If there is a figure more deserving of the title of “Father of Country Music” than Jimmie Rodgers, one such contender is Fiddlin’ John Carson, who, while not the first to make records of what could be called “country music,” was undoubtedly one of the first to find great success doing it.
John William Carson was born in the north of Georgia—county of Cobb or Fannin—on the twenty-third of March, though there is dispute as to which year, probably 1874, though some sources suggest 1868 (earlier census documents, as well as his death certificate, agree with the later date, while later ones support the earlier year). Before turning to life as a musician, Carson found work on the farm and railroad, as a jockey, making moonshine, and in an cotton mill. In 1913, Carson participated in the first Georgia Old-Time Fiddlers’ Convention, coming in fourth in the fiddling contest. He went on to take home first prize from the Convention a total of seven times between 1914 and 1922, earning him the nickname “Fiddlin’ John”. In the cradle days of radio broadcasting, Carson made his debut on the Atlanta Journal station WSB on September 9, 1922 to great public acclaim. Soon after, he was noticed by Atlanta furniture dealer and Okeh record distributor Polk C. Brockman, who spotted Carson in a newsreel of a fidders’ convention, and persuaded Okeh record man Ralph S. Peer to record the fiddler. On the fourteenth of June, 1923, Fiddlin’ John Carson made his first record at 24 Nassau Street (now 152 Nassau Street NW) in Atlanta, cutting only two sides. Peer reportedly thought the two tunes were “plu-perfect awful,” but released the record nonetheless, and was surprised when sales took off like a skyrocket. Whatever Peer’s personal taste, he was too smart to pass up a sure thing, and it was clear that the people wanted what Carson had to offer. Before Carson’s recording career began, fiddler’s Don Richardson and A.C. “Eck” Robertson had made records of “country” music, in 1914 and 1922 respectively, but both did so only sporadically and without enormous success. Carson, on the other hand, began recording prolifically in the wake of his debut session. Five months after cutting his first two sides, Fiddlin’ John traveled to New York City for another session, this time laying down a total of twelve sides, a number of which, like “You Will Never Miss Your Mother Till She’s Gone” and “Be Kind To a Man When He’s Down”, achieved considerable success.
Though far from the most skilled fiddler or talented singer, Carson appealed to record-buyers of the 1920s with his folksy manner and archaic sound that evoked memories of simpler times, which many longed for in the days of fast living, T-Model Fords, and New South industrialization. Carson was also politically active within his state of Georgia, and used his music as a tool to further those ends, such as to promote the populist Democrat Tom Watson, or to condemn the accused Leo Frank for the 1913 murder of thirteen-year-old Mary Phagan. He continued to record for Okeh until 1931, producing a total of 155 sides, of which all but seventeen were released. Many of those featured his daughter Rosa Lee Carson, better known as Moonshine Kate, and band the Virginia Reelers. Three years after concluding his engagement with Okeh, Carson went to Camden, New Jersey, to begin a new series of recordings for RCA Victor’s Bluebird label, an arrangement which only lasted but two consecutive sessions in February of 1934. In those two marathon sessions, Carson, with Moonshine Kate, guitarist Bill Willard, and banjoist Marion “Peanut” Brown, recorded twenty-four sides, all of which but four were released, many of which were re-dos of his popular Okeh recordings. Thereafter, he retired from professional musicianship. In his later years he worked as an elevator operator in the state capitol of Georgia. Fiddlin’ John Carson died in Atlanta on December 11, 1949.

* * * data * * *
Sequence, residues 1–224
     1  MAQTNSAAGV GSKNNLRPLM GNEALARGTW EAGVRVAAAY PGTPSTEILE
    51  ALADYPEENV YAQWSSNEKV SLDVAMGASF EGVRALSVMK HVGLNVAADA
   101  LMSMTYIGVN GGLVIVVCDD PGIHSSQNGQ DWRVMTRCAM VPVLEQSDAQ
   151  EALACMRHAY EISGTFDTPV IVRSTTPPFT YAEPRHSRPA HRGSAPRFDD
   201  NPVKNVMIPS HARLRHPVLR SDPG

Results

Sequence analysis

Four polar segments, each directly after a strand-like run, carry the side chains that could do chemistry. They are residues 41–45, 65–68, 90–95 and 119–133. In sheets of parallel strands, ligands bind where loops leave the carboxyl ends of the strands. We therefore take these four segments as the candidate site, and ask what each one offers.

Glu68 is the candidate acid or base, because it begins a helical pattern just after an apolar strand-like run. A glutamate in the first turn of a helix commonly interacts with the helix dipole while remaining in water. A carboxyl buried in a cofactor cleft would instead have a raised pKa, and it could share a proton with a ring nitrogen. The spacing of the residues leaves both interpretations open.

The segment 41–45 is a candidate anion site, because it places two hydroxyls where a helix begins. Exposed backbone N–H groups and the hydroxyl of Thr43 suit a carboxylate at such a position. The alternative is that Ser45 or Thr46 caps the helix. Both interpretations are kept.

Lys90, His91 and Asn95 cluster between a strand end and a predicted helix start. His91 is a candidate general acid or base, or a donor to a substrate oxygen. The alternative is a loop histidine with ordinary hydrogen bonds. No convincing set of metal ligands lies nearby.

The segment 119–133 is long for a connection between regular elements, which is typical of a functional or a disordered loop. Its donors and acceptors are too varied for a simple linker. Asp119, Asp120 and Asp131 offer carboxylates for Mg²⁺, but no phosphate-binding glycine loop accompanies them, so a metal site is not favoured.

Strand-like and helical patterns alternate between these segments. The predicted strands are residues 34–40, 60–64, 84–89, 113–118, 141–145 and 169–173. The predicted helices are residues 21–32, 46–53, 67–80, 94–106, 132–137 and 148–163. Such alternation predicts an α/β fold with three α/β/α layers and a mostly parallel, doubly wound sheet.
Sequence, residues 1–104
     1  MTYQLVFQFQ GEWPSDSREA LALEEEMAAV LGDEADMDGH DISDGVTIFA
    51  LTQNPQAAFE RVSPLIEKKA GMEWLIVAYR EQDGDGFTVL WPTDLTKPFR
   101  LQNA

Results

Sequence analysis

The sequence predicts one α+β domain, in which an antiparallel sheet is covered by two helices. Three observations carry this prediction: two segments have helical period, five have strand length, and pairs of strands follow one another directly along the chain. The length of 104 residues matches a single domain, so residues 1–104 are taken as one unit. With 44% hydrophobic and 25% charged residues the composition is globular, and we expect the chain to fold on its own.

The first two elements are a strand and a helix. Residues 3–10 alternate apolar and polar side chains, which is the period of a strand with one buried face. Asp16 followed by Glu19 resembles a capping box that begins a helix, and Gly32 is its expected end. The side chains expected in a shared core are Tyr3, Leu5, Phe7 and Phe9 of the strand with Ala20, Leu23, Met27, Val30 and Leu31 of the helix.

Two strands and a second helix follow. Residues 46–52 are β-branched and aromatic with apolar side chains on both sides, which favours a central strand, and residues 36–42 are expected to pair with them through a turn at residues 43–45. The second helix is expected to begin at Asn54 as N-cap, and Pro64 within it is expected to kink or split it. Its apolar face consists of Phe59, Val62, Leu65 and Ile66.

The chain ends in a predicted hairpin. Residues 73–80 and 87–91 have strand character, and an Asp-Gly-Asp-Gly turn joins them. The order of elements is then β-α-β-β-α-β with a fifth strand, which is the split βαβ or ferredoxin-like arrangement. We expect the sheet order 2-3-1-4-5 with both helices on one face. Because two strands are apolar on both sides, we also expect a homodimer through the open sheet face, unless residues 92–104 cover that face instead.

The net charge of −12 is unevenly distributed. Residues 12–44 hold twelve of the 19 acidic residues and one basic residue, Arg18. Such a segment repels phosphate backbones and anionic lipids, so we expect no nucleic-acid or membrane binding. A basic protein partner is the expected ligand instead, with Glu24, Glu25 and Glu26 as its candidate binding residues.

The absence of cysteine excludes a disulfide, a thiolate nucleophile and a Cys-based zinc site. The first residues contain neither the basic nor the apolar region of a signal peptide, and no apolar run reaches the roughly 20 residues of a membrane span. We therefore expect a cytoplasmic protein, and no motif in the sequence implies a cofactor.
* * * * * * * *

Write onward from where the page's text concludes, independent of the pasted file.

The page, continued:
Okeh 4890 was recorded around June 14, 1923, in Atlanta, Georgia. These are takes “B” and “A”, respectively, both the earlier of two released takes of each side (only the latter of which are listed as issued in the DAHR).
Firstly we hear Carson’s history-making performance of the once-popular 1871 minstrel song by Will S. Hays: “The Little Old Log Cabin in the Lane”.
Nextly, Fiddlin’ John delivers an equally rustic performance of “The Old Hen Cackled and the Rooster’s Going to Crow”.